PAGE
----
The mechanism which allocates patients to hospitals can also have unintended consequences, in that it affects the incentives of hospitals to adopt various technologies. According to the triage protocols, certain patients should almost never be allocated to hospitals without a sufficient level of emergency services, and cardiac patients may tend to be allocated to hospitals known for cardiac care. Thus, hospitals may have a “business-stealing” incentive to increase the rating of their emergency room or their available technology (Vogt, 1997).
Anecdotal evidence suggests that hospitals are aware of the discretion of ambulance operators, although their response to this discretion is not always as sophisticated or expensive as increased technology adoption. In many localities, hospitals provide free supplies to the ambulances, as well as amenities for ambulance operators such as access to lounges supplied with food and beverages. more
Empirically, there is wide variation across counties in the provision of 911 services.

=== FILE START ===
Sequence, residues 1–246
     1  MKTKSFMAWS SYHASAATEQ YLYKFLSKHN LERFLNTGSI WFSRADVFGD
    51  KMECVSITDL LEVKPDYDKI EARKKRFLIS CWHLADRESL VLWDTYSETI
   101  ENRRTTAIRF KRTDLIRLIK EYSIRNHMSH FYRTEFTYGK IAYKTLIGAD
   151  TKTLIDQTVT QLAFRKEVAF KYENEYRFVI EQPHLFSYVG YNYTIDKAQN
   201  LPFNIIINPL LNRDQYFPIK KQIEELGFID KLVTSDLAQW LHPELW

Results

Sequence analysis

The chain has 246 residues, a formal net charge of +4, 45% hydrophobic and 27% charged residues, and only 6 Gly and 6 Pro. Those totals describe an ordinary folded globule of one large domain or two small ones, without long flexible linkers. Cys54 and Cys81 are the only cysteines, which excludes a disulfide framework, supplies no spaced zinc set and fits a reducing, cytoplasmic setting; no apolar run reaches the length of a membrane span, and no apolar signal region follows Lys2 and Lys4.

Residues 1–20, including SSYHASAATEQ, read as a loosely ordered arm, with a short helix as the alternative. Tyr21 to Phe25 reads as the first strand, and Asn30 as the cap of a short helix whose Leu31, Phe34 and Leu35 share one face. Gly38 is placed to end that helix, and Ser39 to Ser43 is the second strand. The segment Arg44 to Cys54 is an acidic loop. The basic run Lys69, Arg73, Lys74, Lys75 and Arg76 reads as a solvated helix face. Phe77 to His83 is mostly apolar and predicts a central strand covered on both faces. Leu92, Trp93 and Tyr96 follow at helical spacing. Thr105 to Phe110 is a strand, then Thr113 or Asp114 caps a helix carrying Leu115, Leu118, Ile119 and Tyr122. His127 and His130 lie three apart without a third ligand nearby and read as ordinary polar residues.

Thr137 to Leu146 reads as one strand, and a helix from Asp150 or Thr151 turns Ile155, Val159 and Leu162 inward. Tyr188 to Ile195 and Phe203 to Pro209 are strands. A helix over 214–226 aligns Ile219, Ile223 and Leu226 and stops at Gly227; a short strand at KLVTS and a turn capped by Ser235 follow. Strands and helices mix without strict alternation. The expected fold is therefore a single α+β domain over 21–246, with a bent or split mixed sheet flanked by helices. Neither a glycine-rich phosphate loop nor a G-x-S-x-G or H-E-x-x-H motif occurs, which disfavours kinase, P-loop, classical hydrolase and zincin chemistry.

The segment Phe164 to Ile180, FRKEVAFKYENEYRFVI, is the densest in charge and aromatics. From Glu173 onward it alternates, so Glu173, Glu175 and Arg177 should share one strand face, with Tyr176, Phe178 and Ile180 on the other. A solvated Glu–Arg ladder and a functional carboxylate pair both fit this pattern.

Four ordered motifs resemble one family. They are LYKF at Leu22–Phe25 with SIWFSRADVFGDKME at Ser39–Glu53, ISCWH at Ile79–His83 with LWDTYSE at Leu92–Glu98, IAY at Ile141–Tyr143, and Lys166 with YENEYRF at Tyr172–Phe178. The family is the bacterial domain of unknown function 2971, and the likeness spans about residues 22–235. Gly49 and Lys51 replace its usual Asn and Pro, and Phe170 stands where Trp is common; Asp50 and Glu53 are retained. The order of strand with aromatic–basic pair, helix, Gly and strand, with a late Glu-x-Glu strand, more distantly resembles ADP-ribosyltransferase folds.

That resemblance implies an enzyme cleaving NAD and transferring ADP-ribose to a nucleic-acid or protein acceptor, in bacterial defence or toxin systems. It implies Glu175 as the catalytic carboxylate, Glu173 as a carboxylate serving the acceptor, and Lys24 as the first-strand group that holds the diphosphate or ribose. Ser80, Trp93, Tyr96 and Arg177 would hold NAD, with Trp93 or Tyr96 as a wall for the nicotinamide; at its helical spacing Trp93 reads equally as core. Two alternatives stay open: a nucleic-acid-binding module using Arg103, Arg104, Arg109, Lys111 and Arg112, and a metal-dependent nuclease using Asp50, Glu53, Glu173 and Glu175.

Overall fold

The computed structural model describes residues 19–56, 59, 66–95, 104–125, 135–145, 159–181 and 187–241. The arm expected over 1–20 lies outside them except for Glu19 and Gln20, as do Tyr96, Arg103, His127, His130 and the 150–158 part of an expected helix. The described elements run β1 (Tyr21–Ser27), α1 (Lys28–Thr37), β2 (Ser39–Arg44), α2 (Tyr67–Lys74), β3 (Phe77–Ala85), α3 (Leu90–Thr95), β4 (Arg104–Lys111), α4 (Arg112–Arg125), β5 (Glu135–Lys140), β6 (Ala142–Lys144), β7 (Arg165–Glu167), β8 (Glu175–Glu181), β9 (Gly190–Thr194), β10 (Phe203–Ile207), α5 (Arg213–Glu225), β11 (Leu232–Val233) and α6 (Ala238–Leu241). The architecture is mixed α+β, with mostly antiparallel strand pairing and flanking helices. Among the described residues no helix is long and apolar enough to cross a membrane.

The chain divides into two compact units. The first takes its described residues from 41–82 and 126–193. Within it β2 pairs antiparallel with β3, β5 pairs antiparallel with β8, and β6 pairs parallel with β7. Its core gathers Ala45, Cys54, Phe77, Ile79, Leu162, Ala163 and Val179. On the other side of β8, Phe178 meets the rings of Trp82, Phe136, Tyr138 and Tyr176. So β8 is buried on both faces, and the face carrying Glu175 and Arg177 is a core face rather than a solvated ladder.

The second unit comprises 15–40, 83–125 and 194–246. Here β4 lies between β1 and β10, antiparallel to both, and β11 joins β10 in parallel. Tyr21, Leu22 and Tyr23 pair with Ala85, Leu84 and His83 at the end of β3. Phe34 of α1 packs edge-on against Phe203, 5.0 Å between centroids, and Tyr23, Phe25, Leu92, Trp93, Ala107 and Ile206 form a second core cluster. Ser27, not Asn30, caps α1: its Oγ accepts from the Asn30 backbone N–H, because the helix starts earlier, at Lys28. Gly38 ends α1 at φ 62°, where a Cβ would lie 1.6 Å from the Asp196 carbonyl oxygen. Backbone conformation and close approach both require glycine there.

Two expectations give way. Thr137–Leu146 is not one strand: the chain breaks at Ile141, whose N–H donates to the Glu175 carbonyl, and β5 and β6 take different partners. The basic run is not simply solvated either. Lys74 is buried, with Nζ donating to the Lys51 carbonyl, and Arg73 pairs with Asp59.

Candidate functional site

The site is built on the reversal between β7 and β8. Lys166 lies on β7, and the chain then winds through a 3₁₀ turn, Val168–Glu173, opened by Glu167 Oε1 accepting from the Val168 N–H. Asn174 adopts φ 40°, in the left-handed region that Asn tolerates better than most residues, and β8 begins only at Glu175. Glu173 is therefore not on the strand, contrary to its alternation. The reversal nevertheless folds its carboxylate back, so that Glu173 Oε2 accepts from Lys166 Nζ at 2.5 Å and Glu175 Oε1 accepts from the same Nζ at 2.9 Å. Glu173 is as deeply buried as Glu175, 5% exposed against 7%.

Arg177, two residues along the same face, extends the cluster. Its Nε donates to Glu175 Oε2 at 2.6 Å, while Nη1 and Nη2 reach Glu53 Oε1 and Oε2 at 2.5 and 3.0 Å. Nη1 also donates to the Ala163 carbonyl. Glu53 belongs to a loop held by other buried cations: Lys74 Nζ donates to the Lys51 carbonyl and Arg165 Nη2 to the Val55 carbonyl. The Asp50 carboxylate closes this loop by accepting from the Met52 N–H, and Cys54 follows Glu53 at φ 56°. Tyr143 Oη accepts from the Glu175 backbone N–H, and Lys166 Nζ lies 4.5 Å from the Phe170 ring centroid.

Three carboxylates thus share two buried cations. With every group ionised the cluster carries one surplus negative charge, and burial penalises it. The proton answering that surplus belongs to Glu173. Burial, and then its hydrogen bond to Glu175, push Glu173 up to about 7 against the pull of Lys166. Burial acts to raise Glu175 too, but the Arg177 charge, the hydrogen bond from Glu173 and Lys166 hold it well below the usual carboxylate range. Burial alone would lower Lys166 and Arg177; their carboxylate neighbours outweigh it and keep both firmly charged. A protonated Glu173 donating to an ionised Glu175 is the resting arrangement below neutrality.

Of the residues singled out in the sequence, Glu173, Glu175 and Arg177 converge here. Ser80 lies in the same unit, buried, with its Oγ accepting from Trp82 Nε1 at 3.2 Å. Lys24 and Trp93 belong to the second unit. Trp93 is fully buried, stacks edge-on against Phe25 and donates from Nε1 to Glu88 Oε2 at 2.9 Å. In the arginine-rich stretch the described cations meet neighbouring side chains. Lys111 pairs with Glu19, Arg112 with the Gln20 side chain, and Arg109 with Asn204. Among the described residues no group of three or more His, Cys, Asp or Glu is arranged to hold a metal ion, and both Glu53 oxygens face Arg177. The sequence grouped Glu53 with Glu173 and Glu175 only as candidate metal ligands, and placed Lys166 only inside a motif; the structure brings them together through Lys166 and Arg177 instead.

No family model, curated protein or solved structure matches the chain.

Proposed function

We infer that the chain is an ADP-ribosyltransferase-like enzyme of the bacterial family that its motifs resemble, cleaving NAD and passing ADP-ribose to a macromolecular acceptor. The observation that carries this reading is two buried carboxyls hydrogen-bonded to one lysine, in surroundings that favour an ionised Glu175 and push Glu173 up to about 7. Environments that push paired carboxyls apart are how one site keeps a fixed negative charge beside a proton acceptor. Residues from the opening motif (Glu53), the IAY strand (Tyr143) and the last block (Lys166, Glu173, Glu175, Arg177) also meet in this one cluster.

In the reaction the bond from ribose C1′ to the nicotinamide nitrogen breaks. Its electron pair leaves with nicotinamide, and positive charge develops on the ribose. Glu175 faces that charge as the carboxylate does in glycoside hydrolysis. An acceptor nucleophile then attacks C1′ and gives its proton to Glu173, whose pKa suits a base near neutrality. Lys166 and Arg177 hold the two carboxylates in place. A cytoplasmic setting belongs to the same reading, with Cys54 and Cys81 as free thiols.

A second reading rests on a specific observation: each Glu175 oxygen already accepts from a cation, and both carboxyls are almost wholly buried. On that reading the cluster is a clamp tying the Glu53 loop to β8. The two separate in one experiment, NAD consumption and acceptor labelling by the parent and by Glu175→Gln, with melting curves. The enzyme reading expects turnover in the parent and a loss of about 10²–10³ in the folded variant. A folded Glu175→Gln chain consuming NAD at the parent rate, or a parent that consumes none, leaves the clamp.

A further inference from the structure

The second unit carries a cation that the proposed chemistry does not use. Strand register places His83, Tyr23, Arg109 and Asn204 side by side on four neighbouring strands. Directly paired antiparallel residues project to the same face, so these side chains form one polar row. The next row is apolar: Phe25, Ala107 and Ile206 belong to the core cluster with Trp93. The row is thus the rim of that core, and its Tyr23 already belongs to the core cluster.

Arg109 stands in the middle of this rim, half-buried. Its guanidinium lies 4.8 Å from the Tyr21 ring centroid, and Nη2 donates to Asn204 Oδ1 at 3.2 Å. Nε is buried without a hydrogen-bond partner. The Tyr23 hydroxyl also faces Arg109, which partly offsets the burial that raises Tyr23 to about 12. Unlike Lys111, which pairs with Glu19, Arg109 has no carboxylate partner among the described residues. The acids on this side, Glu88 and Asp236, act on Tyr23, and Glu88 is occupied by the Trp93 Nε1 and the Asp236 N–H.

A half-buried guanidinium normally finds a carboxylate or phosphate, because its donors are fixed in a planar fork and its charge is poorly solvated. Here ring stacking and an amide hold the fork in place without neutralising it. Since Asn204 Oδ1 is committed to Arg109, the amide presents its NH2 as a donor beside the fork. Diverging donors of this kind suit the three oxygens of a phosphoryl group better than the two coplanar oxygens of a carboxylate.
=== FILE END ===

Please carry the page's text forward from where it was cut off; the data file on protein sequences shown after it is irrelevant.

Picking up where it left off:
Some of the heterogeneity may be accounted for by efficiency considerations. For example, counties where addresses are assigned systematically see lower benefits to E911. Differences in population may also account for differences in adoption across counties, since, as a service with adoption costs and fixed costs, 911 should exhibit economies of scale, at least initially (systems which become too large may experience coordination costs). Further, the costs of adoption and implementation of 911 may vary across counties. Consider the nature of these costs. When adopting E911, it is necessary to assign new addresses, create new maps, and develop a computerized database, a process is very labor-intensive and usually takes at least six months to a year to complete. Furthermore, the telephone equipment, caller identification database, and the system of call-taker workstations must be procured and installed. While systematic data about the start-up costs of E911 is unavailable, based on several cases, we estimate a typical county has a startup cost of between $1 million and $4 million.